Configuring Token Cache for Basic Authentication
Updated: August 22, 2005
Applies To: Windows Server 2003, Windows Server 2003 R2, Windows Server 2003 with SP1
Basic authentication stores user tokens in a token cache. If you log on using Basic authentication with an account that has a high level of user logon rights, a successful attacker could use the account to gain access to the resources on your computer. There are several ways to minimize this threat:
Do not log on, or allow anyone to log on, using Basic authentication with an account that has a high level of user logon rights.
Configure the token cache to flush all tokens by setting the HKEY_LOCAL_MACHINE\SYSTEM\CurrentControlSet\Services\InetInfo\Parameters FlushTokenCache registry key to any non-zero value, or set a short time span for cached user tokens by setting the Global Registry entry, UserTokenTTL, to less than the default of 15 minutes. Setting UserTokenTTL to 0 disables TTL-based flushing of tokens. When TTL-based flushing is disabled, user tokens remain cached until either IIS is restarted or the worker process is recycled. See UserTokenTTL in Global Registry Entries.
Before you edit the registry, make sure you understand how to restore it if a problem occurs. For information about how to restore the registry, see the "Restoring the Registry" and the "Restoring a Registry Key" topics in Registry Editor Help.
|Using Registry Editor incorrectly can cause serious problems that require reinstalling the operating system. Because Registry Editor bypasses the standard safeguards that prevent you from entering settings that are conflicting or likely to degrade performance or damage your system, exercise caution when making changes to the registry. Microsoft cannot guarantee that problems resulting from the incorrect use of Registry Editor can be solved. For information about how to edit the registry, see "Changing Keys and Values" in Registry Editor Help.|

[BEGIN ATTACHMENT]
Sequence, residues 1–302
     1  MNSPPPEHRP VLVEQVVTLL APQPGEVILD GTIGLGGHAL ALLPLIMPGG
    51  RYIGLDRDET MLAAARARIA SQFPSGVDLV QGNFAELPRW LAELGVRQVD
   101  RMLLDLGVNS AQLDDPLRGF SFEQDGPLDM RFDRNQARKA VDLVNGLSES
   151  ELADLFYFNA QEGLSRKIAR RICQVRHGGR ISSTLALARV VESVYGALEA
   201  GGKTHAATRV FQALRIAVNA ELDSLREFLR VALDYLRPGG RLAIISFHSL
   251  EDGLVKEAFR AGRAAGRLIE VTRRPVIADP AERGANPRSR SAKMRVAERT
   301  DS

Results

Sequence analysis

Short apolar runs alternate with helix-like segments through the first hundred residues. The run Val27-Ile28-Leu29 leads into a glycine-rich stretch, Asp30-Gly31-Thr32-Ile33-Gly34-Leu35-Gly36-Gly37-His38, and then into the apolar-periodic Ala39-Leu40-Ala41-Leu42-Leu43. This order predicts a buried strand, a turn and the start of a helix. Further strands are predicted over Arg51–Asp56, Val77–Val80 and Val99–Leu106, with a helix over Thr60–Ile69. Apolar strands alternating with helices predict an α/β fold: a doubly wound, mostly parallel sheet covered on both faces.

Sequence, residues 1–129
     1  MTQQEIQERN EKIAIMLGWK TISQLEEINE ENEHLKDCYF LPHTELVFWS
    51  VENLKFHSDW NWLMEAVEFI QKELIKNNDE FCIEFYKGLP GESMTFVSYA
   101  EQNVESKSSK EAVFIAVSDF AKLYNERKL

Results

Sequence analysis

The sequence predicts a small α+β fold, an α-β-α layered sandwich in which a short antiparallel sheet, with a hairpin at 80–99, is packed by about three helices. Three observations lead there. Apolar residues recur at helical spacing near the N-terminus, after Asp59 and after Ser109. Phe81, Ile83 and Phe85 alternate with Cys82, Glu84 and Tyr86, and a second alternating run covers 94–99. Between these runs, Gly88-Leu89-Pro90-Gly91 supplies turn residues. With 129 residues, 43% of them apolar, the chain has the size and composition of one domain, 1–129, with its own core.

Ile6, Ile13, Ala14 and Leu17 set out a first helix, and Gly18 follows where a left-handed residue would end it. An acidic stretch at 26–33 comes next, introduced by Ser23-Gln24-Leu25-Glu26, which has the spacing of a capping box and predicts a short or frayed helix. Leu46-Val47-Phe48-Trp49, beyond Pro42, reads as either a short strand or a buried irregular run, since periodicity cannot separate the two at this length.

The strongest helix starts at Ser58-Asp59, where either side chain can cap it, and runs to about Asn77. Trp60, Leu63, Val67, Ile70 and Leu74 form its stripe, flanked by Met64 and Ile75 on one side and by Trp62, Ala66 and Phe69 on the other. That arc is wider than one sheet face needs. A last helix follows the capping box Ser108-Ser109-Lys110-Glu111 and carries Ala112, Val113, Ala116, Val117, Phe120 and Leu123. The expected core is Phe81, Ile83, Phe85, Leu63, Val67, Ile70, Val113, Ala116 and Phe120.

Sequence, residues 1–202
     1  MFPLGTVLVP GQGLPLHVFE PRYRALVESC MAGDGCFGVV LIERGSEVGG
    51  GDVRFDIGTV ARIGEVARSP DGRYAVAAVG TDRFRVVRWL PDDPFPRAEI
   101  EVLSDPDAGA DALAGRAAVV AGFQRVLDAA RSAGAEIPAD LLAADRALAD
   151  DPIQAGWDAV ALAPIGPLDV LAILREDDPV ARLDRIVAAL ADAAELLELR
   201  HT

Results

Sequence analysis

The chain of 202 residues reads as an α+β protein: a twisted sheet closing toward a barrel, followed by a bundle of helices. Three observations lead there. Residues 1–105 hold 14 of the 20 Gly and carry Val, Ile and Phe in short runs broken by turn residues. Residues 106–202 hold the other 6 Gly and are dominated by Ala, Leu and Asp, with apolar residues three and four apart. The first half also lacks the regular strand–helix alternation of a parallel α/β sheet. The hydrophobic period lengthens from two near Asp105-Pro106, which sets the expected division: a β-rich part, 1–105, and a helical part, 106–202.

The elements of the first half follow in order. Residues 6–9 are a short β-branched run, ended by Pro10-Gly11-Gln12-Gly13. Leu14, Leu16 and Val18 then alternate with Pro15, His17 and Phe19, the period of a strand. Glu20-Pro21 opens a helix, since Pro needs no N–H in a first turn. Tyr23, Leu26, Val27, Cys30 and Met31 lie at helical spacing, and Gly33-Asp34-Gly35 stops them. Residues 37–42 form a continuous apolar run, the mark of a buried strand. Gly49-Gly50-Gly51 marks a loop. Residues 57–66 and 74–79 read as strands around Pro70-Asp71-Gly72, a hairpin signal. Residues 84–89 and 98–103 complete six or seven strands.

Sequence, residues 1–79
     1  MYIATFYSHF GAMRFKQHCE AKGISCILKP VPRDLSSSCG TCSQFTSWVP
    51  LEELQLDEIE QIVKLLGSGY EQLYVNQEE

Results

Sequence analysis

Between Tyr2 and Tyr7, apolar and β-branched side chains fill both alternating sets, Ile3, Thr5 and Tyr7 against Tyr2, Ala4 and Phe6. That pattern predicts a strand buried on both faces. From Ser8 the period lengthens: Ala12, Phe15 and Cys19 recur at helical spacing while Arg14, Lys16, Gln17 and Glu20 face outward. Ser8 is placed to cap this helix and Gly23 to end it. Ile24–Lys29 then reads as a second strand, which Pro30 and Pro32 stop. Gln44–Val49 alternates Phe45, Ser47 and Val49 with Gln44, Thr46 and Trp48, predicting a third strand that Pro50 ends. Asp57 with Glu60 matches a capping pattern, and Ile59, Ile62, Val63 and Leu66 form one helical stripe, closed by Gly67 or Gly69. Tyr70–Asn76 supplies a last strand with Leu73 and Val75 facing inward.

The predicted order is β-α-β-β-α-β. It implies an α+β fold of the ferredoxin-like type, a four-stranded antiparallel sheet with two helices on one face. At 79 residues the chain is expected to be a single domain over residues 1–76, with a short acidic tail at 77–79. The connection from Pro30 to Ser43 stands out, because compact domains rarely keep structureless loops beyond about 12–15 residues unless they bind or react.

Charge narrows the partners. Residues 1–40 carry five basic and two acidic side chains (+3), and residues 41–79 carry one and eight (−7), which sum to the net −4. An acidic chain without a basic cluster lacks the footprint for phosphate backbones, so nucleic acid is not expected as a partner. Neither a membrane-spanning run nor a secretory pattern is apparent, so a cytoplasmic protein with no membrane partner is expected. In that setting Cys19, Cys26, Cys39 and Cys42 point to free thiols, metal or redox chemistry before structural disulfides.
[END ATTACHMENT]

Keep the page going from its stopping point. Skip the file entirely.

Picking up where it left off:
Note that you should back up the registry before you edit it. If you are running Microsoft® Windows NT® Server or newer server operating system from Microsoft, you should also update your Emergency Repair Disk (ERD).
For information about how to edit the registry, see the "Changing Keys and Values", "Add and Delete Information in the Registry", and "Edit Registry Data" topics in Registry Editor Help.
|You must be a member of the Administrators group on the local computer to run scripts and executables. As a security best practice, log on to your computer by using an account that is not in the Administrators group, and then use the runas command to run your script or executable as an administrator. At a command prompt, type runas /profile /User:MyComputer\Administrator cmd to open a command window with administrator rights and then type cscript.exe ScriptName (include the script's full path and any parameters).|
From the Start menu, click Run.
In the Open box, type Regedit.exe, and click OK.
Navigate to and double-click the following key in the registry:
From the Edit menu, point to Add, click DWORD Value and then add the following registry value:
Data: number of seconds to cache user tokens, or 0 to disable token caching
Quit Registry Editor.
For information about setting the default logon domain, see Setting the Default Logon Domain.
For information about the DefaultLogonDomain property, see DefaultLogonDomain Metabase Property.
For more information about permissions, see "Access control" in Help and Support Center for Windows Server 2003.